Articles Posted in Employment Litigation

Thanks to a new law that went into effect on January 1st of 2015, employers are required to immediately report all serious workplace injuries to the Occupational Safety and Health Administration (OSHA). However, OSHA says that not all employers are doing as required. It estimates that 50 percent of the severe injuries suffered in the workplace went unreported by employers last year.

Failing To Report Serious Injuries To OSHA Means Increased Penalties

According to an article from Manufacturing.net, OSHA’s estimate is based on comparisons between states’ workers’ compensation reports and the number of incidents actually reported by employers.

Texas residents who are familiar with Life Alert products that are marketed to elderly consumers may be surprised to learn that the company is being sued for age discrimination and sexual harassment. On May 6, a former employee of Life Alert Emergency Response Inc filed a $7 million lawsuit after he claims he was fired for his age, cancer diagnosis and objections to sexual harassment.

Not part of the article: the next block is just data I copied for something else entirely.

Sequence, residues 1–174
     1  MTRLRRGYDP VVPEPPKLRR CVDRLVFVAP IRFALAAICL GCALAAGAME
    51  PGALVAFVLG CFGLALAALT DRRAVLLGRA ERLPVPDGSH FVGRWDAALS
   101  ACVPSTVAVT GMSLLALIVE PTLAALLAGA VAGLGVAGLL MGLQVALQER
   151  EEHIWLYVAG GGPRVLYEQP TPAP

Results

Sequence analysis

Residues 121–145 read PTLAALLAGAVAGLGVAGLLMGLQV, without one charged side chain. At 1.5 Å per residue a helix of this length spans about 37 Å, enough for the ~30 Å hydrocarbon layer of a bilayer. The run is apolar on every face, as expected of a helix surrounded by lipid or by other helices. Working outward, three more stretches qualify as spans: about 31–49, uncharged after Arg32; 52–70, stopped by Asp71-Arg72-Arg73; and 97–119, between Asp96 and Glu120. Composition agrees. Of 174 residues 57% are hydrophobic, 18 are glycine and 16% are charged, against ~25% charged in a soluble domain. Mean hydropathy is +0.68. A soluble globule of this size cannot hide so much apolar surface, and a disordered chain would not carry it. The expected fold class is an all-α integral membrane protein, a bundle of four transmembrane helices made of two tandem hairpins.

Life Alert is best known for its television ads that feature the slogan ‘Help, I’ve fallen and I can’t get up.” The company sells wearable devices that can be used by elderly and disabled people to call for assistance when they experience an emergency. The plaintiff in the lawsuit, who is now 71 years old, worked as a Life Alert sales manager and was employed by the company for 12 years.

According to the plaintiff’s discrimination claims, he was fired without warning on Nov. 10. The former Life Alert employee says that the firing came shortly after he had started radiation therapy for prostate cancer. He also says that he believes he was fired in retaliation for complaints he had made about employee misclassification and sexual harassment of female employees at the company. The company’s chief executive reportedly responded to the man’s complaints about sexual harassment by saying that nobody was forcing the women to stay.

Walmart is facing a lawsuit from a labor union after closing five of its stores in Texas, Oklahoma, Florida and California. According to the National Labor Relations Board claim that was filed by the United Food and Commercial Workers International Union on April 20, the retail giant closed the stores to retaliate against workers who were trying to organize.

The store closures that led to the employment lawsuit reportedly happened abruptly and led to 2,200 workers being laid off. Before the stores closed, workers at the five locations were given only a few hours notice that they would be laid off. One of the stores that was closed was a store in Pico Rivera, California, where Walmart workers had gone on strike for the first time in the company’s history. Although the union claims that the store closures were retaliatory, Walmart says that the stores were closed temporarily due to plumbing issues.